Minority Movements: Bitcoiners & Renaissance Catholics
A sea of Guy Fawkes masks and anarchic memes are going to be flooding your feeds today. Despite the risks of cliché, as modern dissenters, let’s take the higher road through this important date in the history of defiance, and see what is of value to consider.
You’ll be drowning in narratives of anti-authoritarian fervour, spiced up with “V for Vendetta” quotes. My goal? To cut through the overdone bromides and capture the essence of the Gunpowder Plot’s kinship with the Bitcoin rebellion, and more importantly show where we diverge.
What truly aligns? Where does it veer off? And crucially, which learnings from that non-explosive epoch still have value to us today? Let’s fish out the gems of wisdom from the murky waters of history.
The Remnant & The Recusant
It’s blindingly obvious that Bitcoiners spot a kindred spirit in the plight of the Gunpowder Plot’s masterminds. Both hate their unrepresentative governments. Back then, Catholics were also grudgingly tolerated, as long as they parroted the Anglican narrative publicly in their mundane existence. They were the undercurrent in a sea of indifference and NPC narrative.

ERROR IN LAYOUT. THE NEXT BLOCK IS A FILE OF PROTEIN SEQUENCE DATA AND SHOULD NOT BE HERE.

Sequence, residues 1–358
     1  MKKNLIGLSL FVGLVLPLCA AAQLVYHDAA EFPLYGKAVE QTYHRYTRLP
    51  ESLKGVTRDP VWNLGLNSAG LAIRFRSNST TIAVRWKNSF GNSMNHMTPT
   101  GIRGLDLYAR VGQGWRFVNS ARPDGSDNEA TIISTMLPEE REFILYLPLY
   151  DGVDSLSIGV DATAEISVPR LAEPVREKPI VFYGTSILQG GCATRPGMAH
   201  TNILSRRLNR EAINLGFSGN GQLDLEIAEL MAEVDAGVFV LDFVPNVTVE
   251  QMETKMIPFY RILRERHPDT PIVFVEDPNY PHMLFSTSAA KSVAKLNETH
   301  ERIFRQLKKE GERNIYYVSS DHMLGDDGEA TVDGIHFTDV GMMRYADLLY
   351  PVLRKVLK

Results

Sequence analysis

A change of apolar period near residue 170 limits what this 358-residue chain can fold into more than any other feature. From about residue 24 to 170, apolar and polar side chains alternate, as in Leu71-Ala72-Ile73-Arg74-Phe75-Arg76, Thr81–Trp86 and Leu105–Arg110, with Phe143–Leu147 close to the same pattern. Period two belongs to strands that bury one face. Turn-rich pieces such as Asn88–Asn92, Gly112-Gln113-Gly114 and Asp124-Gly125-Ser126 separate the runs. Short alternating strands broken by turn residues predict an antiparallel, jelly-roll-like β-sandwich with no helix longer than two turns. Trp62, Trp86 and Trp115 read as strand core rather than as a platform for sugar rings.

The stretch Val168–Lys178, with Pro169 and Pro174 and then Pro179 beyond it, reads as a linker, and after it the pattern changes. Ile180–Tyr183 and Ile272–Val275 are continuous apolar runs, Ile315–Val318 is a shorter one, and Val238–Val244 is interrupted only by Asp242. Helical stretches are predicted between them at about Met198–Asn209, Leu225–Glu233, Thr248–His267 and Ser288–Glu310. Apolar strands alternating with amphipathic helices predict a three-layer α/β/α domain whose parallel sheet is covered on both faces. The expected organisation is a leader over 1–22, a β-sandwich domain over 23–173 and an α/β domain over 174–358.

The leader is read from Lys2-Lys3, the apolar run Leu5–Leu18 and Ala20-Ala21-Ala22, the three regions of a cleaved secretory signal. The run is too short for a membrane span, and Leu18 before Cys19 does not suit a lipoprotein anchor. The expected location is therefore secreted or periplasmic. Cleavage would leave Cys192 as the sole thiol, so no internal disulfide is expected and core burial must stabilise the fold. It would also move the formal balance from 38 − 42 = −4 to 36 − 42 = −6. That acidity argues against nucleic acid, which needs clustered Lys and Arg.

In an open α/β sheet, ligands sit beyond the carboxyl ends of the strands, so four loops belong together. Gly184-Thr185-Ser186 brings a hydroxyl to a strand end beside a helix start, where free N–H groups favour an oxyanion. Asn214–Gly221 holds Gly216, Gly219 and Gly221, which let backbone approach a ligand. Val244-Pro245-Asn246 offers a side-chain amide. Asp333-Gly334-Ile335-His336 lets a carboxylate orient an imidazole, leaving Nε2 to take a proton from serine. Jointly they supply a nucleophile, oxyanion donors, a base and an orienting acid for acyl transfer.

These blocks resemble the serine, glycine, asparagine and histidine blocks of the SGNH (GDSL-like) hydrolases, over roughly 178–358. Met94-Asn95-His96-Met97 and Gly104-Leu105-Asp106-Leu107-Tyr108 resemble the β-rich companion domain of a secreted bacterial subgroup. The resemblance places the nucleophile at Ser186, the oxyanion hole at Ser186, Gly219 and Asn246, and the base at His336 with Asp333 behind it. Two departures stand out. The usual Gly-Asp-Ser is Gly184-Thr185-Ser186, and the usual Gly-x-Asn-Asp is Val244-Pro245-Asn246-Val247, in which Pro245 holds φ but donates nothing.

Now and then, this tension would burst into outright defiance, though more often, it was a hidden warfare. A regular Catholic might be fined for non-attendance of Anglican service, but the better known dissenters faced public, grotesque retribution. Tagged as dangerous outsiders, they were the feared ‘other’.
And so it is today: Bitcoin advocates trudge through a world that barely acknowledges their ideology, save for the ones who make waves – they get the modern-day equivalent of the stake. It’s not a fiery stake, but it’s metaphorically scorching: life sentences without parole, forced exile, kangaroo courts for the most vilified among us. Debanking, silent bans from public forums, a gradual strangulation of rights and liberties.
Make no mistake – Bitcoin Remnant are the present-day Catholic Recusant.